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What an ‘Asian American Apostate’ Had to Offer a Christian University After Losing His Faith

“Asian American Apostate: Losing Religion and Finding Myself at an Evangelical University” and author R. Scott Okamoto. Courtesy images

(RNS) — R. Scott Okamoto still believed in Jesus the first time he strode onto the campus of Azusa Pacific University, an evangelical Christian school in Southern California, for a job interview in 1998. Fifteen years later, he left without a job or his faith.

But in his debut book, “Asian American Apostate: Losing Religion and Finding Myself at an Evangelical University,” Okamoto explains that his experience granted him more clarity and sanity about religion and Christianity in particular than he had enjoyed before. “Asian American Apostate” is an inside look at the mosh of underground LGBTQ groups, right-wing Christian beliefs and the unlikely alliances operating on campus in the decades before the Trump era.

Okamoto’s scathing critique is also an account of how enduring a white-centric culture allowed him to become a “self-actualized Japanese American.”

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Religion News Service spoke to musician and podcaster Okamoto about the book. This interview has been edited for length and clarity.

Why did you continue to teach at an evangelical university after you’d lost your faith?

Ninety-nine percent of what I was doing was teaching English at the university level. The last 1 or 2% was what they call faith integration. I felt very qualified to do that because even as I was losing my faith, I was still integrating their faith into what we were studying. I felt good about helping students who were very fundamentalist evangelical broaden their understanding of their faith, the same way I had, and I saw a lot of myself in them. It was just tough on me because I had to grin and bear the horrible things that were said.

I also really wanted to support the Asian American/Pacific Islander population that was invisible and very marginalized. And there was an LGBTQIA underground club. They had no institutional support, and they knew they could be kicked out if they were caught. I was deeply involved with them. So I had a lot of reasons to stay, even though I wanted to leave at the end of every year. It was taxing on my soul.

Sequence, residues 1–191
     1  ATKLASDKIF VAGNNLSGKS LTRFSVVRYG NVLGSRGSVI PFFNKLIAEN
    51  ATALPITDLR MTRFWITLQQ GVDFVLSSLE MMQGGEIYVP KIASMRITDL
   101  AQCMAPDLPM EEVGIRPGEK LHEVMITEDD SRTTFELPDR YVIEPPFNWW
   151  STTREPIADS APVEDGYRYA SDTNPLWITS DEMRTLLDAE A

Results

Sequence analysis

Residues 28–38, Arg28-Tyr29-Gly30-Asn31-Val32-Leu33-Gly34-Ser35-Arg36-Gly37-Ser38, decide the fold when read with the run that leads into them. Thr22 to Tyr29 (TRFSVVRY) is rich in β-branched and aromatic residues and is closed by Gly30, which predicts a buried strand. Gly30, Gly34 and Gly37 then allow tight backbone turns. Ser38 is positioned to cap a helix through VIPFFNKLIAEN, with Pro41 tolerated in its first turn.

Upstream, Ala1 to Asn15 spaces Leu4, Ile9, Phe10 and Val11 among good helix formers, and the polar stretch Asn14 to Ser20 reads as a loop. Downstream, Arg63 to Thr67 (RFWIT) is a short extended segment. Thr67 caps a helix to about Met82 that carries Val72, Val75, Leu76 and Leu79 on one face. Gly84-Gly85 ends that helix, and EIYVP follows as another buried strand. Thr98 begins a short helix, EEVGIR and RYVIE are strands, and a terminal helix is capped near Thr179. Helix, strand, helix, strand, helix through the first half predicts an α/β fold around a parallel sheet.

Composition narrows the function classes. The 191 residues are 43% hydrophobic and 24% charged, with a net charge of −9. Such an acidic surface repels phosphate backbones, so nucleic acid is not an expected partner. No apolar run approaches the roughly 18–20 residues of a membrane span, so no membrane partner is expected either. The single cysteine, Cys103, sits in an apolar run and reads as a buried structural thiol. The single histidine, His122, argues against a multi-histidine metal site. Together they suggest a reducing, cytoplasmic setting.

You write that your time there in the early 2000s gave you “a front row seat to the coming of the era of Trump.”

Christians worship Donald Trump because he’s wealthy. If he wasn’t a billionaire, they wouldn’t listen to him, but they believe God has blessed him. Tied to that is this attitude of hatred for people who are different from them. There was a real shift between the end of that happy “born again” phase of the late 1990s and the rise of Fox News. My students would come to class ready to crucify anyone different than them, especially gay people or people of color. At first, there were just a few students here and there, then (campus) clubs started to push this xenophobic, racist narrative.

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Students would try to argue that Saddam Hussein was responsible for 9/11. The most popular argument I remember was that taking prayer out of schools in the 1960s led to all the bad things that happened since. When I would point out bad things did happen before the ’60s, it didn’t matter. They weren’t looking for conversation.

So when I hear Tucker Carlson, and everyone’s shocked, my view is that he’s just building on what has already been built up in evangelical culture.